Covid and its aftermath stirred up global economic turbulence on such a dramatic scale some predicted the investment world would struggle for years to overcome its consequences. Having enjoyed a decade of continuous growth, assets under management (AUM) were threatened with vast declines, driven primarily by shrinking assets in Europe and North America. From our vantage point in 2021, was AUM’s lost shine permanent or have they entered a new golden era?
Boston-based research firm Cerulli Associates cited a potential drop of US$ 1.7 trillion for AUM in 2020, the immense decrease reflecting Covid’s “substantial impact on the global asset management industry.” There’s no denying last year’s market chaos created waves: the FTSE 100 suffered its worst one-day drop since 1987 on March 12th, losing 10.9%, and the world’s three biggest fund managers saw US$ 2.8 trillion wiped off their AUM. Everything happened so quickly, the US market plummeting 34% in 33 calendar days, “three times as fast as the 1987 bear market” according to chief investment strategist Sam Stovall at research firm CFRA.
Remarkably, despite the economic turmoil and the restrictions implemented to protect health, worldwide AUM grew in 2020 and they’re expected to enjoy still greater increases this year. By 2024, Cerulli believes global industry assets will hit US$ 130 trillion, up from $90 trillion at the end of 2018. In the UK, despite being down on 2019’s 11.6% climb, consultancy EY estimates UK asset managers’ AUM rose 3.6% last year. It forecasts further growth of 7.1% in 2021 to £1.64 trillion, subject to effective global vaccine rollouts, relaxation of lockdown restrictions and a robust economic rebound.
A bounce back from such a momentous global slump is significant. However, it’s useful to make a distinction between the market’s race upwards and economic recovery more generally. Flourishing AUM are in stark contrast to an economy that’s been growing slowly due to challenges including unemployment, earnings deficits and reduced production. Despite these obstacles, however, household balance sheets in the UK look set to emerge from the pandemic in a strong position. The household saving ratio is expected to have averaged 17.5% last year, exceeding the previous peak of 14.3% in 1993, adding £150 billion to bank deposits between January and December 2020. Over a fifth of British people have seen their investment capacity increase due to Covid.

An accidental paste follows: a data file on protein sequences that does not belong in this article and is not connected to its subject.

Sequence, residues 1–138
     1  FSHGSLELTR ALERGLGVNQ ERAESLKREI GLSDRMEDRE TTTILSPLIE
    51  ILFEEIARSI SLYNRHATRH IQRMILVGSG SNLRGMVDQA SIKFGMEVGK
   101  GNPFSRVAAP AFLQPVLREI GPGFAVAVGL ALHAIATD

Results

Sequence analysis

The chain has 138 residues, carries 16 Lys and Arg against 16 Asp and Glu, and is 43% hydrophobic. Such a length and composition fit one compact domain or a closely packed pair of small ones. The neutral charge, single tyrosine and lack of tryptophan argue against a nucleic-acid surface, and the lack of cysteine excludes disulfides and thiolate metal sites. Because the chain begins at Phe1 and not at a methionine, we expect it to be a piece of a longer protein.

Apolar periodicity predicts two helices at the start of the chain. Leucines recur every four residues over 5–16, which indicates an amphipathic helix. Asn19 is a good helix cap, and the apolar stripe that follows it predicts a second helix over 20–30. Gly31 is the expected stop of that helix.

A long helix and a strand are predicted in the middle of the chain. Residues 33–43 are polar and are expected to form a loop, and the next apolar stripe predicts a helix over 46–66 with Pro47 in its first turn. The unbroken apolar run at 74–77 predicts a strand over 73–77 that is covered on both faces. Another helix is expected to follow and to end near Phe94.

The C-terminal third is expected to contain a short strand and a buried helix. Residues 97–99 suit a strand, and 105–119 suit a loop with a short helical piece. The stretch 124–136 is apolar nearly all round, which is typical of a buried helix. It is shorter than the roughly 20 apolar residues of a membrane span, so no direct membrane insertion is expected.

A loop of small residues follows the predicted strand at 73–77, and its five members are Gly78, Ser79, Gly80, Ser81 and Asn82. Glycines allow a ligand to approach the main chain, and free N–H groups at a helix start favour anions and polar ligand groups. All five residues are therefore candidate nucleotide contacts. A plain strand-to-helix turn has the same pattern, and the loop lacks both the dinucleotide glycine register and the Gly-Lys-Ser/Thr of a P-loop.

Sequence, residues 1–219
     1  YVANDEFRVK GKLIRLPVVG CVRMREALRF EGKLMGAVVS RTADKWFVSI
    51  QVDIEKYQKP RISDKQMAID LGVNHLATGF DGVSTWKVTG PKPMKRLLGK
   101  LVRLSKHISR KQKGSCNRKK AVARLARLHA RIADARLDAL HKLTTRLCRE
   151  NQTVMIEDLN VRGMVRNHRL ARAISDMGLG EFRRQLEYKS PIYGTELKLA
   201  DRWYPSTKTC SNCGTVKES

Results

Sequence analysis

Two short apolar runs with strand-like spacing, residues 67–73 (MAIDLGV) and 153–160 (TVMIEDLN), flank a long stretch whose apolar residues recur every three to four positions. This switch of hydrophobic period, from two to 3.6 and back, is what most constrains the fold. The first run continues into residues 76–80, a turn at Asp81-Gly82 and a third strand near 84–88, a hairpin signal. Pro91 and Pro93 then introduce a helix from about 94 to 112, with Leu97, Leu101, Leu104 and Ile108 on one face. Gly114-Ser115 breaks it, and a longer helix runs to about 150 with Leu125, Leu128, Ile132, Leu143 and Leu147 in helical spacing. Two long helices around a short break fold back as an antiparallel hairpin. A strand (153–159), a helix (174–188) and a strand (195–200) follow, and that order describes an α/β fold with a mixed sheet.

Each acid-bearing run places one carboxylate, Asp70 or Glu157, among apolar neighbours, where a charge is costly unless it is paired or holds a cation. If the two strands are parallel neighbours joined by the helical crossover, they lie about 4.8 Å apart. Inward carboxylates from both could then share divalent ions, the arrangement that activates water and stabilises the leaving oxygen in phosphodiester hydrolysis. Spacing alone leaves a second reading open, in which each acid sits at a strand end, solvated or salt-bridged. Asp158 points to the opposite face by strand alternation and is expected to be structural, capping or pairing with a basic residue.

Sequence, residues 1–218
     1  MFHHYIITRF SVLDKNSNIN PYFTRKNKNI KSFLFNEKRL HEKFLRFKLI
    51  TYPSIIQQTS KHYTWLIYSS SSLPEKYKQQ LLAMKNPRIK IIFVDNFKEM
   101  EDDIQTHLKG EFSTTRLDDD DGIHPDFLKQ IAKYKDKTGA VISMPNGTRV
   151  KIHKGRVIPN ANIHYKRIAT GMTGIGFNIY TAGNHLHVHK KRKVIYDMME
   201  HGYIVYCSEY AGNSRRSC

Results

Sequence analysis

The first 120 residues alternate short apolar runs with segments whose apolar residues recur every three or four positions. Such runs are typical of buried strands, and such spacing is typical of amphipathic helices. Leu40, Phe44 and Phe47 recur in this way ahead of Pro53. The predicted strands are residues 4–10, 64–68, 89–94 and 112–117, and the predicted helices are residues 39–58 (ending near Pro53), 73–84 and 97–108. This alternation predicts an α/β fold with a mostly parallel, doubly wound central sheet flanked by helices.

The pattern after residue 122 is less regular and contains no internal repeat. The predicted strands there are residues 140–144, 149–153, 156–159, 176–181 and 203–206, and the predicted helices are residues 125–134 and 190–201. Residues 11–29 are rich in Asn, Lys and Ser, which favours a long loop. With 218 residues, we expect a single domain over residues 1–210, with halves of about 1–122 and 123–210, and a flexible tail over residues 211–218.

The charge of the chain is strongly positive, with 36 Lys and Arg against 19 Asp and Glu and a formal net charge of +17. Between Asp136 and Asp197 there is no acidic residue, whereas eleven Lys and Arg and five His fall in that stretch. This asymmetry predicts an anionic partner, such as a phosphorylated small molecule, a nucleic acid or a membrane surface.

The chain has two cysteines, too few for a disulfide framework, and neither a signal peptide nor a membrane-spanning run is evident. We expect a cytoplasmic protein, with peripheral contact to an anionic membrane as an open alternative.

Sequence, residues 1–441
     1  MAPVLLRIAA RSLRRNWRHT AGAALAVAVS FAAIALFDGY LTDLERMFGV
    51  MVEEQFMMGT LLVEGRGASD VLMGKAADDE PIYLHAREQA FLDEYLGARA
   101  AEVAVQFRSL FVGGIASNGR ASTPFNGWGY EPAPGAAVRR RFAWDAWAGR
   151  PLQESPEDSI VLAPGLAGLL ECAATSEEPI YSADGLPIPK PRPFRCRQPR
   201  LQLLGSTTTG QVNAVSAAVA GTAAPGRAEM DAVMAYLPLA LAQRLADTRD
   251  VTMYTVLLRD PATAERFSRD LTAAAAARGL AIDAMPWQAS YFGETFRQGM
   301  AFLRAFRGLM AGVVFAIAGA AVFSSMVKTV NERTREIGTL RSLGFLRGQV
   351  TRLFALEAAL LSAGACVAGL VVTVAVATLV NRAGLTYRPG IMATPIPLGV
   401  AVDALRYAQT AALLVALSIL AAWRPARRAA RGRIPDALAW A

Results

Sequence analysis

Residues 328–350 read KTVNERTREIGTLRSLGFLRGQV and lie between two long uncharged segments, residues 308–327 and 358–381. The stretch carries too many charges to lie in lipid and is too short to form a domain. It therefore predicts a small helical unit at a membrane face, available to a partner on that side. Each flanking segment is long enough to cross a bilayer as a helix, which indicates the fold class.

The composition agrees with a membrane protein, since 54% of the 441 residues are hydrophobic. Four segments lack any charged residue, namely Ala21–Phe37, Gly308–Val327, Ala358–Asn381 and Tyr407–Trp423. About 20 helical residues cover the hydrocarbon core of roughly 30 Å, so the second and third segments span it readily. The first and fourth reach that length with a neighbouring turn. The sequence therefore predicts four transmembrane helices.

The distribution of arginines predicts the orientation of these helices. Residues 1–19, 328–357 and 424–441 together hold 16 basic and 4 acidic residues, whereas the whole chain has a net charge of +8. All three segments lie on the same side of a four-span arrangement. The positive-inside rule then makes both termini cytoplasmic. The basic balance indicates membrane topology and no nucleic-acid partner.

With more spending power but fewer occasions to exercise it in a world of uncertainty and sweeping change, people have been forced to reconsider not only their personal priorities and values but also to reassess where they put their money and the qualities they look for in prospective opportunities. Typically, when the market experiences upheaval, people are drawn to stability. They look for defensive investments in utilities, consumer staples and telecoms. The pandemic reframed our understanding of caution; in the words of Tobias Levkovich, Chief US equity strategist at Citigroup, “the ‘defensive’ in the Covid world became who could grow in an economy where there is no growth.” Sectors like e-commerce and tech.
The pandemic’s perfect storm also accelerated many trends already underway and sent them hurtling. It highlighted numerous structural fragilities and systemic imbalances, focusing our attention on how businesses operate and their relationship with employees, suppliers, communities and customers. The goalposts for corporate success shifted, investors realising that businesses which support a sustainable future are likely to be more robust. Although ESG as a theme has been building momentum over the last few years, it became clear that investments which take ESG factors into account are likely to perform well, especially in drawdowns, being less precarious if they take fewer ESG risks.
Data from exchange traded fund (ETF) analysis platform TrackInsight shows ESG ETFs recorded AUM of US$189 billion at the end of 2020. A new high, this represents an incredible growth rate of 223%. Over 33% of UK investors believe ethical investments are the key to addressing climate issues and helping to avoid future pandemics. The Investment Association claims responsible investment has emerged from Covid as the “standout opportunity”, last April seeing record inflows of almost £1 billion into responsible investment funds. While the economic and social aftershocks of the pandemic will take time to fully materialise, it is inconceivable that a situation so dramatic and so global will not make a lasting impact on the fundamental aspects of our lives. How we invest is one of these key areas.